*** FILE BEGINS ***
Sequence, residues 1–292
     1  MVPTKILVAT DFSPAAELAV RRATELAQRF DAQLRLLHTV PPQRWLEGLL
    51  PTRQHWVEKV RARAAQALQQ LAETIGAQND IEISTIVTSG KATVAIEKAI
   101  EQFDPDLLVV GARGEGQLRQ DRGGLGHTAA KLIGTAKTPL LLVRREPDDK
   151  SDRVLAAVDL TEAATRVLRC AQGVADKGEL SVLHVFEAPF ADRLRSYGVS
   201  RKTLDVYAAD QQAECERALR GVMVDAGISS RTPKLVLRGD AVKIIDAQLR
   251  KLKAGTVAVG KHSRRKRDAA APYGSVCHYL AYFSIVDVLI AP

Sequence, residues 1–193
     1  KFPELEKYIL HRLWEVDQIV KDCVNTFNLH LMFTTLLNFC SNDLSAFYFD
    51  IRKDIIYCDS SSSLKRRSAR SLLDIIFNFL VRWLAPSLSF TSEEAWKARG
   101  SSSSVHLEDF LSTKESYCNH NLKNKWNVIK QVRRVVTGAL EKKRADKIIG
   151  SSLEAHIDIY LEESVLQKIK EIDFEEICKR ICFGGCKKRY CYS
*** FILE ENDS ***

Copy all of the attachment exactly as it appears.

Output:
Sequence, residues 1–292
     1  MVPTKILVAT DFSPAAELAV RRATELAQRF DAQLRLLHTV PPQRWLEGLL
    51  PTRQHWVEKV RARAAQALQQ LAETIGAQND IEISTIVTSG KATVAIEKAI
   101  EQFDPDLLVV GARGEGQLRQ DRGGLGHTAA KLIGTAKTPL LLVRREPDDK
   151  SDRVLAAVDL TEAATRVLRC AQGVADKGEL SVLHVFEAPF ADRLRSYGVS
   201  RKTLDVYAAD QQAECERALR GVMVDAGISS RTPKLVLRGD AVKIIDAQLR
   251  KLKAGTVAVG KHSRRKRDAA APYGSVCHYL AYFSIVDVLI AP

Sequence, residues 1–193
     1  KFPELEKYIL HRLWEVDQIV KDCVNTFNLH LMFTTLLNFC SNDLSAFYFD
    51  IRKDIIYCDS SSSLKRRSAR SLLDIIFNFL VRWLAPSLSF TSEEAWKARG
   101  SSSSVHLEDF LSTKESYCNH NLKNKWNVIK QVRRVVTGAL EKKRADKIIG
   151  SSLEAHIDIY LEESVLQKIK EIDFEEICKR ICFGGCKKRY CYS